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A Primer for Decentralized Identifiers



A Primer for Decentralized Identifiers

A Decentralized Identifier (DID) is a new type of identifier that is
globally unique, resolveable with high availability, and cryptographically
verifiable. DIDs are typically associated with cryptographic material, such
as public keys, and service endpoints, for establishing secure communication
channels. DIDs are useful for any application that benefits from
self-administered, cryptographically verifiable identifiers such as
personal identifiers, organizational identifiers, and identifiers for
Internet of Things scenarios. For example, current commercial deployments of
W3C Verifiable Credentials heavily utilize Decentralized Identifiers to
identify people, organizations, and things and to achieve a number of
security and privacy-protecting guarantees. This document is an introduction
to the concept of Decentralized Identifiers.

Comments regarding this document are welcome. Please file
issues directly on GitHub, or
send them to [email protected]
(subscribe,
archives).

Portions of the work on this specification have been funded
by the United States Department of Homeland Security’s Science
and Technology Directorate under contracts
HSHQDC-16-R00012-H-SB2016-1-002 and HSHQDC-17-C-00019. The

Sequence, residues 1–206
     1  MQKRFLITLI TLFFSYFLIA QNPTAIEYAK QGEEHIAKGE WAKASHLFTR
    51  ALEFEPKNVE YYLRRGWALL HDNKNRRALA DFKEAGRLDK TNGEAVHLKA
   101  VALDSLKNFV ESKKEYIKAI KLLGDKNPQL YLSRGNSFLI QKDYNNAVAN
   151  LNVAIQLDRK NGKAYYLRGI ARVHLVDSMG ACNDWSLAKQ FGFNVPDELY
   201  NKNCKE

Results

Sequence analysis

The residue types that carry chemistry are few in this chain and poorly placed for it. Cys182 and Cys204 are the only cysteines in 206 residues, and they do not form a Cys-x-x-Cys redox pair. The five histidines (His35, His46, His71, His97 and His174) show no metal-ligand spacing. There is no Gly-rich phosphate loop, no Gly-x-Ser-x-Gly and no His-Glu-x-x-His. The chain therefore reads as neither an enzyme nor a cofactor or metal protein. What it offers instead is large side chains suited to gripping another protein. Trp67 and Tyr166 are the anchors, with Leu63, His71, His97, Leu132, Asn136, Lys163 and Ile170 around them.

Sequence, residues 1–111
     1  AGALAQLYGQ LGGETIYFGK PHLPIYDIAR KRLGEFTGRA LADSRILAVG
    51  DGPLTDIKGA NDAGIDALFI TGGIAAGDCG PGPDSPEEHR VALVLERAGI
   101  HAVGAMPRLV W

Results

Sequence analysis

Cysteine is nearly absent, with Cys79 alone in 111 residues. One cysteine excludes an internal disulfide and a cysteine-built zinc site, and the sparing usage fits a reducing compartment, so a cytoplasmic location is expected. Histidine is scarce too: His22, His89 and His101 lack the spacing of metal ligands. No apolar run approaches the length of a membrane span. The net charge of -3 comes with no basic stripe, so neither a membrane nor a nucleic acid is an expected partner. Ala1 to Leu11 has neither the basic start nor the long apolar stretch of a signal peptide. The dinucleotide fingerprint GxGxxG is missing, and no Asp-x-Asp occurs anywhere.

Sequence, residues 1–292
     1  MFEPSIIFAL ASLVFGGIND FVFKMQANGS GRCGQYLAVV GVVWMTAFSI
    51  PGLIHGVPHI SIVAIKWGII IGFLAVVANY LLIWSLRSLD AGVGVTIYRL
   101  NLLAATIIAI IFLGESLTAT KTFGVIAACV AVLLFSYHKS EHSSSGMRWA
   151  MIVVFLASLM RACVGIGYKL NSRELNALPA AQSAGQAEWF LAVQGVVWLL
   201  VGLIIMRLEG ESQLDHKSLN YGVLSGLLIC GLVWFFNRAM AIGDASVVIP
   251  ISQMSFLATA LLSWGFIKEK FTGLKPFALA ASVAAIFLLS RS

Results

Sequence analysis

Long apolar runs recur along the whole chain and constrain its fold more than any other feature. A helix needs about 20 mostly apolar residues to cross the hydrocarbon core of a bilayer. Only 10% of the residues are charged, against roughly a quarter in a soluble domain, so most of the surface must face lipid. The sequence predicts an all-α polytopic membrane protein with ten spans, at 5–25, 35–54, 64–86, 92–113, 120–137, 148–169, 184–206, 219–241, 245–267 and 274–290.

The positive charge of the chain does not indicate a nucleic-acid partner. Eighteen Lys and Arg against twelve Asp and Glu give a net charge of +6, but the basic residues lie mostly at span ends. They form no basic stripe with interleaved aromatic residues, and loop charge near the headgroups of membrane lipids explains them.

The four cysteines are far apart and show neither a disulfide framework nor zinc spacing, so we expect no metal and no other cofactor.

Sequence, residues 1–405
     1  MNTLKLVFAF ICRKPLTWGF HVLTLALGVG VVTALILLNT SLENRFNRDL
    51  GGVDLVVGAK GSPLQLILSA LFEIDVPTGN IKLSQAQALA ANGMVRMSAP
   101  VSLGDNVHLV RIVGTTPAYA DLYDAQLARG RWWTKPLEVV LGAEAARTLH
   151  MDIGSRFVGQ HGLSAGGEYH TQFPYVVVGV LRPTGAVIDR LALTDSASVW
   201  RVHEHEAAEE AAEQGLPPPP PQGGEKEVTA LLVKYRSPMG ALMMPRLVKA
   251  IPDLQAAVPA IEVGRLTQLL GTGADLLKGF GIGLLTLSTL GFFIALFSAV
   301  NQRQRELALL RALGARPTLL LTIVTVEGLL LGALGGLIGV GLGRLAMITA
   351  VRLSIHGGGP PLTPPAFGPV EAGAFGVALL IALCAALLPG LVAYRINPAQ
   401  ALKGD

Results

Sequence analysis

content of this specification does not necessarily reflect the
position or the policy of the U.S. Government and no official
endorsement should be inferred.

Work on this specification has also been supported by the Rebooting
the Web of Trust community facilitated by Christopher Allen,
Shannon Appelcline, Kiara Robles, Brian Weller, Betty Dhamers,
Kaliya Young, Manu Sporny, Drummond Reed, Joe Andrieu, Kim Duffy, and
Heather Vescent.

Introduction

At a superficial level, a decentralized
identifier
(DID) is simply a new type
of globally unique identifier. But at a deeper level, DIDs are
the core component of an entirely new layer of decentralized
digital identity and public key infrastructure (PKI) for the
Internet. This
decentralized public key
infrastructure
(DPKI) could have as much
impact on global cybersecurity and cyberprivacy as the
development of the SSL/TLS
protocol
for encrypted Web traffic (now the largest
PKI in the world).

This primer is designed to give newcomers to DID
architecture the background they need to understand not just
the DID specification, but the overall architecture for
decentralized identity represented by the family of DID-related
specifications currently under development. It covers:

  • Background on the origin of DIDs and the DID
    specification.

  • How DIDs differ from other globally-unique
    identifiers.

  • How the syntax of DIDs can be adapted to work with
    decentralized networks.

  • How DIDs resolve to DID Documents
    containing public keys and service endpoints.